Dr. Patrick Veit-Haibach  and Dr. Michael Domanski
Dr. Patrick Veit-Haibach, (L), and Dr. Michael Domanski are part of the team-based approach at the Peter Munk Cardiac Centre that works to maximize innovation using the PET-MRI machine. (Photo: The Globe and Mail)

Anyone who has ever slid through the tunnel of a magnetic resonance imaging (MRI) machine likely remembers its raucous whirring and knocking, not to mention the squeeze of a snug 70-centimetre-wide bore.

But for some patients undergoing procedures at the Peter Munk Cardiac Centre (PMCC), the time spent in the life-saving imaging machine will result in something even more – Positron Emission Tomography (PET) images. 

Back in April 2016, the centre acquired and installed one of only about 160 PET-MRI combination machines in the world, giving cardiology researchers access to the cutting-edge, hybrid technology. While MR uses strong magnetic fields to generate hyper-detailed images of the body's organs, a PET scan offers information about metabolic changes happening in organs or tissues. The images are generated simultaneously.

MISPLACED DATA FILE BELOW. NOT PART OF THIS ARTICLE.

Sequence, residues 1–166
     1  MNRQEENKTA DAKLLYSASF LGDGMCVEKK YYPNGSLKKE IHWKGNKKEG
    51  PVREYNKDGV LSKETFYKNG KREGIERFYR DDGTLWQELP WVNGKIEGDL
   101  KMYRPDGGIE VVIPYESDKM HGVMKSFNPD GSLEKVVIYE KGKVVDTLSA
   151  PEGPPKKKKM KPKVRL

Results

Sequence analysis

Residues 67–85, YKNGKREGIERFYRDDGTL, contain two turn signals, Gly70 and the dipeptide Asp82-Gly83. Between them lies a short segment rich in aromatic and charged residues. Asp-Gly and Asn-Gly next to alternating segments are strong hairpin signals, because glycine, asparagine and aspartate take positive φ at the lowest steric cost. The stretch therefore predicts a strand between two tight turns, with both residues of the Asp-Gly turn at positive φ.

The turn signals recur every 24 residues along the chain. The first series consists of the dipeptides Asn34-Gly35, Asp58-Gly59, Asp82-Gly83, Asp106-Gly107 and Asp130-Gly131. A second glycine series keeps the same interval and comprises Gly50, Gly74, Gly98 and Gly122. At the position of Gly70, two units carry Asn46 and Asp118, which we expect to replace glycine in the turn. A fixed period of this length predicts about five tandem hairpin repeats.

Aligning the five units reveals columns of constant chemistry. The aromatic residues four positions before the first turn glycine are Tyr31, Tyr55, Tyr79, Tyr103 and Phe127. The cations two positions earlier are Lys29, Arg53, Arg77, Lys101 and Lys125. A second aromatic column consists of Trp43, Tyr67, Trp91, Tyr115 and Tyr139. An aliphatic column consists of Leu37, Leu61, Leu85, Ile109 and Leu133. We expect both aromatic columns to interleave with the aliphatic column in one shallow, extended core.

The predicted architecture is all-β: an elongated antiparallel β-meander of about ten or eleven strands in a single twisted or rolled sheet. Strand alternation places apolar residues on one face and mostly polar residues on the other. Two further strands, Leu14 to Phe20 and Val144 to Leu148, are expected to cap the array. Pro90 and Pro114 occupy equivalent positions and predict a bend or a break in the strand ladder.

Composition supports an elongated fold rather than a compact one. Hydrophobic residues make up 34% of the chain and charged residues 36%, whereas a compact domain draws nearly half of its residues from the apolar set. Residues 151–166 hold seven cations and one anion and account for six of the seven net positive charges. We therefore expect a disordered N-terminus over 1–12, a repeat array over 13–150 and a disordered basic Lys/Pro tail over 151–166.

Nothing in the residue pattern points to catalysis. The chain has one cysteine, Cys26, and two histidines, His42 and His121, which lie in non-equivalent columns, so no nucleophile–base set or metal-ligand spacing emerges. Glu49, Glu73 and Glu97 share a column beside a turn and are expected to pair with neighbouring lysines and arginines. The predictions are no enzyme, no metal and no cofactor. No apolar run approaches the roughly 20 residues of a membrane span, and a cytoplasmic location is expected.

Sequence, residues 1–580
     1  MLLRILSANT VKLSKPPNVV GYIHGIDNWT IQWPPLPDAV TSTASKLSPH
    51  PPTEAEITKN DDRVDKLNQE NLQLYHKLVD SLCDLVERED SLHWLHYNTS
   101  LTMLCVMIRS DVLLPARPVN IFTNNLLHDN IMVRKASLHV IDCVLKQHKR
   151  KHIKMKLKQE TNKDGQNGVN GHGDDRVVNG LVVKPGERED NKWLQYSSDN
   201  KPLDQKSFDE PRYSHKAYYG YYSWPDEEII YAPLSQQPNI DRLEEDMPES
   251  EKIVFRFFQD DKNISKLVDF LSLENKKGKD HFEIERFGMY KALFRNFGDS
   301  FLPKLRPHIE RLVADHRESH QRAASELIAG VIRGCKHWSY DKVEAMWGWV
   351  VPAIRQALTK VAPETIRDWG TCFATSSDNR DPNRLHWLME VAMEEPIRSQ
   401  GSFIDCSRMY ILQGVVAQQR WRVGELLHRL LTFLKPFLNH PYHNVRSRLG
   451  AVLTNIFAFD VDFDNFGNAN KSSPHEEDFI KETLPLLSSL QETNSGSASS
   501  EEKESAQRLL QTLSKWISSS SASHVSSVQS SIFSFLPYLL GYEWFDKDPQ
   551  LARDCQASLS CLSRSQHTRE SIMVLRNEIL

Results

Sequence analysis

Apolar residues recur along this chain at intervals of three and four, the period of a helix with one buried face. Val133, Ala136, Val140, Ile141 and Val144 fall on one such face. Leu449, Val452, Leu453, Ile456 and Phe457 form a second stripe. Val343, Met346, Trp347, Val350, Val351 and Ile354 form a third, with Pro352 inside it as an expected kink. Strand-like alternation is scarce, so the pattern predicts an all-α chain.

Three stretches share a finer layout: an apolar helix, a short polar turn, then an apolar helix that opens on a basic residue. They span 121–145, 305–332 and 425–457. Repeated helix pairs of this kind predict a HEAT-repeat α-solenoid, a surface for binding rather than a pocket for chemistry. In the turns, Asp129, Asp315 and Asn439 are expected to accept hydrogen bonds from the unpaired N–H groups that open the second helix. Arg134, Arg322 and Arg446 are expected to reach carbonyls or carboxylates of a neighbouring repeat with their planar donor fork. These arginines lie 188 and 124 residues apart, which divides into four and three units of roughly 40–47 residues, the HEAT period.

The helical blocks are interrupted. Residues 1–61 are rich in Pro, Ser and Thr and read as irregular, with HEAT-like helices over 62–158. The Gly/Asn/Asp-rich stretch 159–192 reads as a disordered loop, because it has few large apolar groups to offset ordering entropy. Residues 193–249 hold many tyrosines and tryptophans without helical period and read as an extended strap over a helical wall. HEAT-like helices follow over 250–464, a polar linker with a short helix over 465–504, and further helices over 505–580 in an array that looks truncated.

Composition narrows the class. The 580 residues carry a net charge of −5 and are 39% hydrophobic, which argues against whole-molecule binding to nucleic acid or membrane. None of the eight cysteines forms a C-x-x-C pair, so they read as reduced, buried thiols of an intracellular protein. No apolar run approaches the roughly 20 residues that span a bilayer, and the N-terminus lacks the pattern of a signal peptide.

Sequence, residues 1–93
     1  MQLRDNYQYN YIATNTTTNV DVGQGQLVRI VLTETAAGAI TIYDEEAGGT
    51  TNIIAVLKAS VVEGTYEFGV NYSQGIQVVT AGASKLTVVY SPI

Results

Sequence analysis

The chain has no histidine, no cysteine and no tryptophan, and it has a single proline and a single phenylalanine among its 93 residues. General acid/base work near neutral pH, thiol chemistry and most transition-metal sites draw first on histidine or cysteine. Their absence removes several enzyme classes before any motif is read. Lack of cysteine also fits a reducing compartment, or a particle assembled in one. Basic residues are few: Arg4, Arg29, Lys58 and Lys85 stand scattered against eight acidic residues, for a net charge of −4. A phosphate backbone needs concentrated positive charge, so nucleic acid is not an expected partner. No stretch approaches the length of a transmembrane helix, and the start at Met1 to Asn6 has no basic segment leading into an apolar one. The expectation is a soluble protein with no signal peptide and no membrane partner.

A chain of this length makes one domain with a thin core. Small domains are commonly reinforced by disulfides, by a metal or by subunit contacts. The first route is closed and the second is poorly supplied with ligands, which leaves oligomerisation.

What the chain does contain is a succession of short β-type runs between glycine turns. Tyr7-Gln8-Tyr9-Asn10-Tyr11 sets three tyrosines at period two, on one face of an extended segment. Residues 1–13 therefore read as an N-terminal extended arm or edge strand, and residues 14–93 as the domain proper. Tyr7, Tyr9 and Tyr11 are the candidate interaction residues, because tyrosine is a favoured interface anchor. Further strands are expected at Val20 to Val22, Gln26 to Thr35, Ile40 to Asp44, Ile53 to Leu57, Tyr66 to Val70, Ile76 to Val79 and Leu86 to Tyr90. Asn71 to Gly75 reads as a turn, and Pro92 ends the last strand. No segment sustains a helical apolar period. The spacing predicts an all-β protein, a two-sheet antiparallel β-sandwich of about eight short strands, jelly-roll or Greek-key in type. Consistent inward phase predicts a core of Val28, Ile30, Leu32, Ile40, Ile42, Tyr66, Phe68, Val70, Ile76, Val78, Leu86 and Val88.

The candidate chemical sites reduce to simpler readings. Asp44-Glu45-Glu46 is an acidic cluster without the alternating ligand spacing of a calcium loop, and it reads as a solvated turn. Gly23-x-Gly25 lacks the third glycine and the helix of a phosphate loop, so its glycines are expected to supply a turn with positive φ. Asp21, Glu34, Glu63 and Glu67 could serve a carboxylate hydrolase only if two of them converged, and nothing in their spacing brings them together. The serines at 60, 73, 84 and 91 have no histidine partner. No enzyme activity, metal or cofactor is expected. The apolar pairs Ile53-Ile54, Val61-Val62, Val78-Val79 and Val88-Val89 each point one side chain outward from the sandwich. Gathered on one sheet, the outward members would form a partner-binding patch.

It's the best of both worlds, explains Dr. Patrick Veit-Haibach, Clinical Director of the PET-MRI, Joint Department of Medical Imaging (JDMI), and a German radiologist and nuclear medicine physician who came to Canada from Switzerland in April 2017.

"A PET-MRI should give you complementary information about the disease," he says. "At least for certain research questions, it's very important to have real-time simultaneous imaging, so you don't have a delay between one image and another."

Now, the machine is being used to conduct new research, determining everything from how heart and brain health are connected to pinpointing dangerous aortic aneurysms.

PMCC Magazine 

The third annual Peter Munk Cardiac Centre (PMCC) magazine published by The Globe and Mail focuses on why Canada's premier cardiac centre is known for being "the heartbeat of innovation." The magazine explores the PMCC model that supports the creation, development and evolution of innovative ideas into action – making "today's idea, tomorrow's practice." It also examines the impact that a culture of innovation has on the way cardiovascular care is delivered now and into the future.

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